SRA looks to “harness the potential of unbundling”


Philip: Law firms could benefit from unbundling

The Solicitors Regulation Authority (SRA) wants to “harness the potential of unbundling to broaden access to legal services and increase consumer choice”, it said yesterday.

In a major report, the regulator said unbundling – when the tasks that make up a service are divided between the consumer and provider – has “the potential to increase access to justice by providing legal services to those who would not have otherwise engaged a lawyer”.

It went on: “There are also other consumers who can benefit from unbundled legal services, such as those who want more control of their case.

“Moreover, there are potential benefits of undertaking unbundling for legal service providers because they have the opportunity to attract more consumers.”

The regulator said its work indicated that increased awareness, transparency and clarity – particularly around solicitors’ professional indemnity insurance (PII) – could encourage more unbundling.

As part of this, it is exploring “targeted advertising” to raise awareness among consumers.

It will also look to find a replacement term that better explains the concept – some 80% of consumers and 40% of law firms said in surveys that they were unaware of unbundling.

The report is the results of a family law pilot involving 18 law firms, a charity and a tech start-up, surveys of 114 law firms and of 674 consumers – half who had used unbundled and half only traditional services – as well as interviews and roundtables.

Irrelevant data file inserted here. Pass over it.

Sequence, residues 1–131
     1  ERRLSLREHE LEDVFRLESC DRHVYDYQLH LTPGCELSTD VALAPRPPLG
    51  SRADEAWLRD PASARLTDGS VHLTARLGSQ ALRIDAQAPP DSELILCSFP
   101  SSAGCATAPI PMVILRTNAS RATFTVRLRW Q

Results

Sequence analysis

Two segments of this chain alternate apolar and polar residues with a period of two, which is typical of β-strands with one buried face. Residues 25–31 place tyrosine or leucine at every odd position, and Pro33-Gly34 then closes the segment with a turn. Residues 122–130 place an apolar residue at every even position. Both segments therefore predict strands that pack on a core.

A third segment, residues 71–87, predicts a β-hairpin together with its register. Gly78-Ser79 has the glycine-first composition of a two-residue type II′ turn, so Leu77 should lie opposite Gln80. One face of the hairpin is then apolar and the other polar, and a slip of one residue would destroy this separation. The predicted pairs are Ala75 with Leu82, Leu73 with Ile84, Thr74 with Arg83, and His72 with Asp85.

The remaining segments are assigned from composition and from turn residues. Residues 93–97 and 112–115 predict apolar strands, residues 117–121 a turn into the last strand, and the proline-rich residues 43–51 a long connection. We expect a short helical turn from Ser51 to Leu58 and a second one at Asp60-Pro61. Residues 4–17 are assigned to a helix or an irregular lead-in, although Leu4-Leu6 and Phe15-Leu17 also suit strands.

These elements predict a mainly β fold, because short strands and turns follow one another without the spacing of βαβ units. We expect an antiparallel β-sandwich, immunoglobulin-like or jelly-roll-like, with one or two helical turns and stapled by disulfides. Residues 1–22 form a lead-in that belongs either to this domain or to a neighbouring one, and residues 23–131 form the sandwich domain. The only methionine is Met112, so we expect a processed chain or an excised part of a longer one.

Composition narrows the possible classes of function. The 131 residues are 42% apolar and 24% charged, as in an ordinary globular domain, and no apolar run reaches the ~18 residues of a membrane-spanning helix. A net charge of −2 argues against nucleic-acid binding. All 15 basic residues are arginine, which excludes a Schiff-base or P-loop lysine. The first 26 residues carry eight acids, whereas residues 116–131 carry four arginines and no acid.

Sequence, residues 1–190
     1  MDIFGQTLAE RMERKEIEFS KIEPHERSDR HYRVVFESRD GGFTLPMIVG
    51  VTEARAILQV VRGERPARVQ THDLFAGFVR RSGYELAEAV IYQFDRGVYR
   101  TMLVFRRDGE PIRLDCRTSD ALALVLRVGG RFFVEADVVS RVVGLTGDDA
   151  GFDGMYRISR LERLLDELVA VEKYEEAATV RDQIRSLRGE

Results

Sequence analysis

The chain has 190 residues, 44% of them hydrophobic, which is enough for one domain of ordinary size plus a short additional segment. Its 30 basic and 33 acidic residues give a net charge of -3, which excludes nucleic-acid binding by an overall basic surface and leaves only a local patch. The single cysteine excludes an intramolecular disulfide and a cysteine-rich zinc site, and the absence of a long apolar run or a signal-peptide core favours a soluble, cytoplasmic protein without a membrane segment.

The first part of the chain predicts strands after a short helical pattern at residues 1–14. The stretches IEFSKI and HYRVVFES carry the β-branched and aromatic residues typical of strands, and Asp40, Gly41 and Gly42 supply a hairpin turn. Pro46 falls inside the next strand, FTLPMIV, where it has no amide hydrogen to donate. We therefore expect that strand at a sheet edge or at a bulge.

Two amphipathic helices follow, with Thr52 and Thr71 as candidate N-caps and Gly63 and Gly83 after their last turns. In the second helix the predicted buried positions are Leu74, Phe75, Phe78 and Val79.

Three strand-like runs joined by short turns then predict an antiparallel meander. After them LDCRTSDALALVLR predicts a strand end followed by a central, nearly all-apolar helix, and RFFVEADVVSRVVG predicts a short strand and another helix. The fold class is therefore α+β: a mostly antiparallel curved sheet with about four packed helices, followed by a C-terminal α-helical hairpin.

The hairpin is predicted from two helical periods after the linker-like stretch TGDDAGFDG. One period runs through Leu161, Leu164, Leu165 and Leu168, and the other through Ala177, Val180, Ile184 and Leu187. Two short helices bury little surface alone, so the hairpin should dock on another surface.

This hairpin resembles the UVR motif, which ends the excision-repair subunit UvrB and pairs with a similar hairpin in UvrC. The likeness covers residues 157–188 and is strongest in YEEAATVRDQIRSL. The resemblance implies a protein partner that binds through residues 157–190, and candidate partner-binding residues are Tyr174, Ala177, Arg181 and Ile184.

Just over a quarter of the firms surveyed offered unbundling and three-quarters of them saw benefits, mostly attracting more clients due to lower charges and a more flexible service. Some 36% of those already offering unbundling wanted to do more.

The pilot firms were also keen to scale up their unbundled offering, but a lack of funds and resources – particularly appropriate technology – were the main barriers.

Generally, the firms did not publicise or specify whether they offered unbundled services on their websites. They were used in “more readily standardised legal matters” for clients who were looking for specific support on a certain part of their case.

“This can create time pressures and burdens on the legal services provider to check and verify work they may not have been involved in,” the SRA said. “However, firms also explained that unbundling is a volumes-based business which could be profitable.”

Firms expressed a general concern over business models which claimed to include legally trained staff to guide consumers through their unbundled legal matter.

“They believed that there were no solicitors or barristers involved in these types of business structures and that this could mislead consumers who expected access to legally trained professionals.”

Solicitors’ other concerns included PII, implications if the client did not carry out their activity correctly or on time, determining a client’s capability to do the work, agreeing how to apportion the work, and regulatory implications.

Of the 337 consumers who had used unbundled services, those earning more than £60,000 a year were “significantly less likely to unbundle”, possibly because they could afford traditional legal advice.

But 68% of those who had used an unbundled service said they were likely to do it the next time they needed legal advice, compared to 37% of those who had not.